UK Aid Won't Stop Security Threats, Experts Say

U.K. Department for International Development workers prepare bridge materials for transport to Pakistan. Experts says U.K. foreign aid will not curb security threats. Photo by: U.K. Department for International Development / CC BY-NC-ND U.K. Department for International DevelopmentCC BY-NC-ND

British foreign aid can’t buy security.

Con Coughlin, the Telegraph’s executive foreign editor, doesn’t buy the idea of using U.K. aid money to counter security threats posed by fragile states, a key theme of the British government’s new national security strategy.

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“Call me old-fashioned, but I suspect the oppressed of the world would be far more impressed if we helped them confront and defeat the militias and terrorists who make all our lives a misery, as we did in Sierra Leone,” Coughlin writes in the Telegraph, criticizing the increase in the U.K.’s foreign aid budget.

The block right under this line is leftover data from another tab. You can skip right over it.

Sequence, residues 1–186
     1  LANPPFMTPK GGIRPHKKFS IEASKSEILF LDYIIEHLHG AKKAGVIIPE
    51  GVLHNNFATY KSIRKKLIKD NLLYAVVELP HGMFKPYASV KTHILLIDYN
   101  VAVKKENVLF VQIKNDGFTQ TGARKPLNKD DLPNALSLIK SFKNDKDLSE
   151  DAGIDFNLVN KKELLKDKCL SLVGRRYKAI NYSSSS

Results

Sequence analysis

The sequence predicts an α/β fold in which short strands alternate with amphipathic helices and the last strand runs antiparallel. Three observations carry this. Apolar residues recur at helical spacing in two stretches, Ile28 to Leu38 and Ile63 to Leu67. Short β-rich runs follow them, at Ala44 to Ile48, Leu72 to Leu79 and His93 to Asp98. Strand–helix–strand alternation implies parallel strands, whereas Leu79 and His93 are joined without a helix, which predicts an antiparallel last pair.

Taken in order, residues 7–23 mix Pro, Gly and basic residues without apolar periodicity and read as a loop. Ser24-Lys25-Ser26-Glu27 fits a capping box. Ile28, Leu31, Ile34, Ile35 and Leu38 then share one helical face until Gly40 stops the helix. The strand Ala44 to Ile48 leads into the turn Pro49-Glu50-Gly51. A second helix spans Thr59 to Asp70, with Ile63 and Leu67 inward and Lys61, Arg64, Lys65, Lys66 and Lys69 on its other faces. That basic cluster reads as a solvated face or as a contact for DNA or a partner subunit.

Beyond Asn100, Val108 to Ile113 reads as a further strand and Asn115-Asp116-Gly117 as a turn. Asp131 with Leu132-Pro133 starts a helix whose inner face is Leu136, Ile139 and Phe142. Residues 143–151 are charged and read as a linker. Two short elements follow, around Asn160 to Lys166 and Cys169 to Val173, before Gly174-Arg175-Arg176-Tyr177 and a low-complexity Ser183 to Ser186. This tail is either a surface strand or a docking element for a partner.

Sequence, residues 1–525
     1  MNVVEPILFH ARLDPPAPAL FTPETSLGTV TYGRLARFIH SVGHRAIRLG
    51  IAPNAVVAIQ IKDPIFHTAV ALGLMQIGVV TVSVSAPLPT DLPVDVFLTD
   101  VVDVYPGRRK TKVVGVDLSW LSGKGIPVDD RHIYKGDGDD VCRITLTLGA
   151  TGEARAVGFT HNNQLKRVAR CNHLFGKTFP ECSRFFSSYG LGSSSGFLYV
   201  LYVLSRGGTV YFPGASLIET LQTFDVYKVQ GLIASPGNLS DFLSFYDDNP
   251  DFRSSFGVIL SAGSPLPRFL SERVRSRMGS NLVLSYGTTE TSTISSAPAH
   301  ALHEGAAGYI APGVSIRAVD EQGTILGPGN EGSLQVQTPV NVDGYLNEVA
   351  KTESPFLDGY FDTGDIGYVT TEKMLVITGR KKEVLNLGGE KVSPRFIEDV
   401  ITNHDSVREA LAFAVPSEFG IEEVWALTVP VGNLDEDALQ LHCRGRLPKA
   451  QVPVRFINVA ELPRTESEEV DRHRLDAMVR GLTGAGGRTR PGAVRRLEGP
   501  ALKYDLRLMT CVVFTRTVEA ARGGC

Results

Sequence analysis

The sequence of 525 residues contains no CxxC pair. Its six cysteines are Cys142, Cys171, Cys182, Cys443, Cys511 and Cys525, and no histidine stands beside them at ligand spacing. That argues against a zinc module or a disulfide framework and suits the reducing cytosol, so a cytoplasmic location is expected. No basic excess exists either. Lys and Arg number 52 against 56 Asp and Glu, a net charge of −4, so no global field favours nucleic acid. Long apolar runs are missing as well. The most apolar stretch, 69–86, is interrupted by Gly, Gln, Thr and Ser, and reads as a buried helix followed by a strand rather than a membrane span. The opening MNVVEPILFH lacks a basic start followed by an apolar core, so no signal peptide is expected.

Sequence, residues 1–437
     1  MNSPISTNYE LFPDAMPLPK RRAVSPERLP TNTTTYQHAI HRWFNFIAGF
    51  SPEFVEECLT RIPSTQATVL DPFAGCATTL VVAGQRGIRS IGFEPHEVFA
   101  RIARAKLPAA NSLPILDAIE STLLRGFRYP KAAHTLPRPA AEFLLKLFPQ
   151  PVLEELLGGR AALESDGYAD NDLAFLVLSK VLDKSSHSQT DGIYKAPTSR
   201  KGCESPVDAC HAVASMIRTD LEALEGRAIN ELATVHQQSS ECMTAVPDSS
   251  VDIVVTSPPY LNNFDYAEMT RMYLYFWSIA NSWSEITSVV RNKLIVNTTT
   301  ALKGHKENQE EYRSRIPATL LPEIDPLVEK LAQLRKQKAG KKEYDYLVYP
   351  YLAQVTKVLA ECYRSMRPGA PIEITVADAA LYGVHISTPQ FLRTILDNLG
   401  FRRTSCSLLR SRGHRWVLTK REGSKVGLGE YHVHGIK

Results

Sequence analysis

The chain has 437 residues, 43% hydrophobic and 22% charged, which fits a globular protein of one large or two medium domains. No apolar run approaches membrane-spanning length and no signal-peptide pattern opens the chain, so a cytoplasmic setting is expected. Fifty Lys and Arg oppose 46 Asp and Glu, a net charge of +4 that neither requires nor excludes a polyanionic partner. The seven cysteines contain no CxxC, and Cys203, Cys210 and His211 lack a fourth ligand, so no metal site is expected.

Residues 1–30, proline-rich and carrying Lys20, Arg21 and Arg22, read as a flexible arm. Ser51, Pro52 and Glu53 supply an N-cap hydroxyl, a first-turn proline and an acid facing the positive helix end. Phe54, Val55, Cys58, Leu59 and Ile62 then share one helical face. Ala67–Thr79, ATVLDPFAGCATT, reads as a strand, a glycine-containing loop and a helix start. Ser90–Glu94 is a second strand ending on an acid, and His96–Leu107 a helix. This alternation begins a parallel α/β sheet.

Foreign aid, he argues, has “an unfortunate habit” of ending up in the hands of dictator governments, such as the case in Africa, where “brutal dictatorships … have been funded by well-meaning foreign donations that have been diverted into the wrong hands.”

Sam Bowman, research manager at the Adam Smith Institute, voices a similar concern.

“Over 95 percent of the money that the government gives in aid is goes to the governments of developing countries rather than to charities like Oxfam and the Red Cross. Many of the governments that we give aid to are corrupt dictatorships: for example, the top five recipients of DfID [Department for International Development] government-to-government aid in 2008/09 were Sudan, Burma, Ethiopia, Democratic Republic of Congo and Zimbabwe,” Bowman writes in The Spectator’s “Coffee House” blog.

Bowman further argues that aid money causes bad governance.

“When governments are not reliant on their own citizens for revenue, they have no need to be accountable to them either,” he notes. Overseas aid worsens the situation in the developing world, and Britain cannot afford it. It should be abolished, for the good of the country’s finances and for the world’s poor. 

About the author

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    Ma. Rizza Leonzon

    As a former staff writer, Rizza focused mainly on business coverage, including key donors such as the Asian Development Bank and AusAID.